MIT scientists, led by an Indian-origin researcher, Arnav Kapur have developed a computer system that can transcribe words that users say in their heads. The device called as ‘AlterEgo’ lets others hear the words you are thinking without you’re making a sound. The system consists of a wearable device and an associated computing system. The device in its present form looks like a curved bone hooked to one ear that touches the jaw on the chin and under the lower lip. Electrodes in the device pick up neuromuscular signals in the jaw and face that are triggered by internal verbalizations, but are undetectable to the human eye. The device is thus part of a complete silent-computing system that lets the user undetectably pose and receive answers to difficult computational problems.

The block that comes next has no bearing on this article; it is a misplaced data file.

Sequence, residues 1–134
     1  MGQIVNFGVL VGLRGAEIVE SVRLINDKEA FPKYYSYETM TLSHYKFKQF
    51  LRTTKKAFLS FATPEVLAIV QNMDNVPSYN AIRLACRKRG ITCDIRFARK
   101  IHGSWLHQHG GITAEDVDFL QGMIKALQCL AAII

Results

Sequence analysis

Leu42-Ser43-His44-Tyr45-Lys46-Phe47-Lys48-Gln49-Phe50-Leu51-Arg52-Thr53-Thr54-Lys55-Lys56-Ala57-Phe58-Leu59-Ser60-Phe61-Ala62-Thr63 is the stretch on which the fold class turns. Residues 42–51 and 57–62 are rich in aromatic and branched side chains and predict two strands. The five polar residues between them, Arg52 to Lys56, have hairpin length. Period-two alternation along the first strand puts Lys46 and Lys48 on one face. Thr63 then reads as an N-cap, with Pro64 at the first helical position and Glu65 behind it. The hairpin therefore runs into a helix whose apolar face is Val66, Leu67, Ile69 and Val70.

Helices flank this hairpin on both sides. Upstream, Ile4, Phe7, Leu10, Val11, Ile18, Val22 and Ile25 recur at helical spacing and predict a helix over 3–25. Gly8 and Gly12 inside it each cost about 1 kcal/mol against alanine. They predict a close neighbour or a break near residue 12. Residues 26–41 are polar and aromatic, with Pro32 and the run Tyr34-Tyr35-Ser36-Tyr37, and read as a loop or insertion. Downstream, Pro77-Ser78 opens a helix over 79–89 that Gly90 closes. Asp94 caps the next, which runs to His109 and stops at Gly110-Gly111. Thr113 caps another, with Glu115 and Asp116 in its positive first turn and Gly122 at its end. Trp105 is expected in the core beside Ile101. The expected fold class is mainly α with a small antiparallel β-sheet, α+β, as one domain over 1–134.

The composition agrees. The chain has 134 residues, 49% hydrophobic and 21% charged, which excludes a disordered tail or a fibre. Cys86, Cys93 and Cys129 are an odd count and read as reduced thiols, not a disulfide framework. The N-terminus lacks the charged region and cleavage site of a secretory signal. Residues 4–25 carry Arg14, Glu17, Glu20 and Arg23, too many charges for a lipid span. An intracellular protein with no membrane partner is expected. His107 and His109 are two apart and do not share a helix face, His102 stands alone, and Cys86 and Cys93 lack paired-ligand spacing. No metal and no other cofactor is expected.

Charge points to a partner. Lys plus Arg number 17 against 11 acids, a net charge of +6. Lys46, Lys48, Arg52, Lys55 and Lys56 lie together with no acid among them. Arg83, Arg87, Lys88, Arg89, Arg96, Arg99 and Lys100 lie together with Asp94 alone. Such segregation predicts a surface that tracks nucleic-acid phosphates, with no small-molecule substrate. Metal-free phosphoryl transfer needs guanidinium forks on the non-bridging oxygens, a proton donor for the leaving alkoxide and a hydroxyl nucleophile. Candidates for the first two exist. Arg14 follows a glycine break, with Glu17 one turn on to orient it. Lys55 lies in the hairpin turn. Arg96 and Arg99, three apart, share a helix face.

According to the Indian-origin researcher, “this device cannot read your mind… The system does not have any direct and physical access to brain activity, and therefore cannot read a user’s thoughts…the wearable system reads electrical impulses from the surface of the skin in the lower face and neck that occur when a user is internally vocalising words or phrases”. Thus this new computer interface is totally hands-free and voice-free, but it doesn't read your brain waves either. Instead it relies on something called subvocalisation, or silent speech - the name for what you're doing when you say words in your head.